Cetaceans (pronounced sih-TAY-shuns) include whales, dolphins, and porpoises. Although ancient people believed they were fish, cetaceans are aquatic mammals that bear live young, produce milk to feed their offspring, and have a bit of hair. The study of cetaceans is called cetology.
Although they have a fishlike shape, cetaceans are descended from land animals and still retain some modified features of their ancestors. They have the remains of a pelvic girdle, and the bones beneath their forelimbs, which are now used as flippers for swimming, show that they once had five fingers. Like land animals they have lungs, but instead of nostrils cetaceans breathe air through blowholes on the top of their head. They have no hind legs, and their tail has developed over time into a horizontal fluke (a flat tail), used to propel the animal through the water. Other physical changes include the addition of a thick layer of blubber to insulate against the cold of the ocean depths.
Cetaceans belong to the order Cetacea and include the baleen whales (ten species that live in the ocean) and the toothed whales, whose many species (including dolphins and porpoises) are found in diverse habitats from deep ocean to freshwater rivers.
Baleen (pronounced buh-LEEN) whales are huge creatures that include the blue whale, the largest animal that has ever lived and that can reach a length of 100 feet (30 meters). Together with the finback, sei, humpback, minke, and gray whales, the blue whale belongs to a family of whales that migrates from cold polar waters to breed in warmer waters. The right whale, so-named because it was the "right one" for whalers, does not have the dorsal fin of the other great whales. Baleen whales are toothless; they eat by filtering tiny sea animals, or plankton, through rows of flexible, horny plates called baleen that hang from their upper jaw. One mouthful of water may contain millions of tiny prey. Baleen whales have two blowholes (toothed whales have only one), and some species have deep grooves on their throat and belly.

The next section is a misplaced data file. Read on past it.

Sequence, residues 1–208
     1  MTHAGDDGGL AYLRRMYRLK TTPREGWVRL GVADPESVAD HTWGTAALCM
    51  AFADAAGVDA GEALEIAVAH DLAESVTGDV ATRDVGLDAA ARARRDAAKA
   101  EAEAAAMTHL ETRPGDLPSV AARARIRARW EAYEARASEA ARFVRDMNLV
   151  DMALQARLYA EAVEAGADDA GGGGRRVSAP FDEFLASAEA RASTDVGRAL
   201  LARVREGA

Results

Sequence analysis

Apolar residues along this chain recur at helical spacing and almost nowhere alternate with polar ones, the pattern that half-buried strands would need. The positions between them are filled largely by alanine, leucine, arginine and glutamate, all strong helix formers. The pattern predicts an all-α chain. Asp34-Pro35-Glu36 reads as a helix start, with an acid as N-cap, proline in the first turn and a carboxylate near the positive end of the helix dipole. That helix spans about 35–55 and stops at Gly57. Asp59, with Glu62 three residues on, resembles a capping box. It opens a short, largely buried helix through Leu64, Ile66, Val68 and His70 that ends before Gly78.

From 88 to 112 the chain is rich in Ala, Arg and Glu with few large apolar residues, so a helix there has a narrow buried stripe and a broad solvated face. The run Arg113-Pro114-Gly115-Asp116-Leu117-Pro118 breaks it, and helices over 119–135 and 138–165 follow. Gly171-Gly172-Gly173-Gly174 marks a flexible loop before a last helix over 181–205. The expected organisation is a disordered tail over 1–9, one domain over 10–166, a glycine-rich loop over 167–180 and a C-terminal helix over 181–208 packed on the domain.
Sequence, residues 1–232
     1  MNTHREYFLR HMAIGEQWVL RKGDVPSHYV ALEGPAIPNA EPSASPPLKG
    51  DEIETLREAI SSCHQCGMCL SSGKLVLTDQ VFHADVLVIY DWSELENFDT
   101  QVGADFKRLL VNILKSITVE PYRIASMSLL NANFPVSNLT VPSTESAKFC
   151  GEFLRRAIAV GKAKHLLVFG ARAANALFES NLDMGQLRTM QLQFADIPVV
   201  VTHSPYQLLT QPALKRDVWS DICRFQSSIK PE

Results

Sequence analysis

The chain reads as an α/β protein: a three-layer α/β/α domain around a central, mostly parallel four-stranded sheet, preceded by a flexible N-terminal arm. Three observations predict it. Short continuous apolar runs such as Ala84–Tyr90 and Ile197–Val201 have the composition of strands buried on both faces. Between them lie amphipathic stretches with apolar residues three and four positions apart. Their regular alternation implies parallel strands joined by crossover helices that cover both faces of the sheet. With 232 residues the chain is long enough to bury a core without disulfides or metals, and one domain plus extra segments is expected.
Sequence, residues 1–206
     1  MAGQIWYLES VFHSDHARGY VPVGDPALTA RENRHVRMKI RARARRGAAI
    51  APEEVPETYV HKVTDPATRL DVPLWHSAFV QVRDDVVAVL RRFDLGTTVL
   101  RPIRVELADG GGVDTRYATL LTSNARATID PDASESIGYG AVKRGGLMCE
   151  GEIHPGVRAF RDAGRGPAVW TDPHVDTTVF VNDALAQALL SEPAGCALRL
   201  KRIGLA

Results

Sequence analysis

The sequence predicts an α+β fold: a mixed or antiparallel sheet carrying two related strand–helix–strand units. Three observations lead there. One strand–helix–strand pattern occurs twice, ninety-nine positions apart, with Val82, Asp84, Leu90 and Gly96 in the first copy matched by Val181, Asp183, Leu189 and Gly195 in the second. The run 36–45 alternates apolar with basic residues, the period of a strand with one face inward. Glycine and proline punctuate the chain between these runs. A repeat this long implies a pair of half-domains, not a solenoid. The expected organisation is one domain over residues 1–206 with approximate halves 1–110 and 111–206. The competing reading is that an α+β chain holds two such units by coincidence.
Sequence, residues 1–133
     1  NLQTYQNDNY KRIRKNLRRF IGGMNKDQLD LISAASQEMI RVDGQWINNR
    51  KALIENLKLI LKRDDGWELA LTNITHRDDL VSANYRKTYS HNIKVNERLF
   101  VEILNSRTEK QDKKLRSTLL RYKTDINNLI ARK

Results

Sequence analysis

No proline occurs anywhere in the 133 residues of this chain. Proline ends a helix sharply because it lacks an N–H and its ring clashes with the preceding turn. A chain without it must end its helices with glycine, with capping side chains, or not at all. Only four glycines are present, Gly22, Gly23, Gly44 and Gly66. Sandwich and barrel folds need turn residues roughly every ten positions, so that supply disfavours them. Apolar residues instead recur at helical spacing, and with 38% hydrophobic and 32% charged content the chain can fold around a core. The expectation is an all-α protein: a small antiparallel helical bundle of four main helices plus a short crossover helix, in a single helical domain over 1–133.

The faster-moving, smaller-bodied toothed whales pursue squid, fish, and, in the case of killer whales, sea birds and other mammals. Killer whales have even been observed ganging up on and killing the much bigger gray whale. The largest of the toothed whales is the sperm whale. It is also the deepest diver, plunging to depths of over half a mile in search of giant squid. Its large, square head contains a cavity of oil that was used in oil lamps before petroleum became available. Certain species of toothed whales are very social, traveling in groups of dozens of animals. Bottle-nosed dolphins and killer whales typically have social bonds with many others of their species that may last for life.
Words to Know
Baleen: A flexible, horny substance making up two rows of plates that hang from the upper jaws of baleen whales.
Echolocation: A method of locating objects by the echoes reflected from sounds produced by certain animals.
Whaling: The harvesting of whales for their products by individuals or commercial operations.
Cetaceans have good vision and excellent hearing. Toothed whales, porpoises, and dolphins navigate and find food using echolocation, in which they produce pulses of sound and listen for the echo. By deciphering objects based on the reflected echoes, these animals can obtain an accurate picture of their physical environment.
Intelligence and communication
Cetaceans have relatively large brains and are highly intelligent animals that exhibit curiosity, affection, jealousy, self-control, sympathy, spite, and trick-playing. They communicate with each other by producing a great variety of sounds, from the moans and knocks of gray whales to the eerie songs of humpbacks.
Commercial whaling and other threats
Commercial whaling has had a devastating effect on the world's great whale populations. Modern whaling methods may be viewed as incredibly inhumane. Whales today are killed by a harpoon that has a head with four claws and one or more grenades attached. When a whale is within range, the harpoon is fired into its body, and the head of the harpoon explodes, tearing apart muscle and organs. The whale dives to escape, but is hauled to the surface with ropes and is shot once again. Death
may not be immediate, and the whale may struggle to live for 15 minutes of more. Although many nations have agreed to end or curtail their whaling practices, some have not.
Further dangers to cetacean species include (1) drift nets (now outlawed), in which they can become entangled, and (2) the use of purseseines (pronounced sane; nets whose ends are pulled together to form a huge ball) for catching tuna, a method that has killed an estimated seven million dolphins since 1959. Marine pollution and the loss of food sources due to human activity are a continuing danger.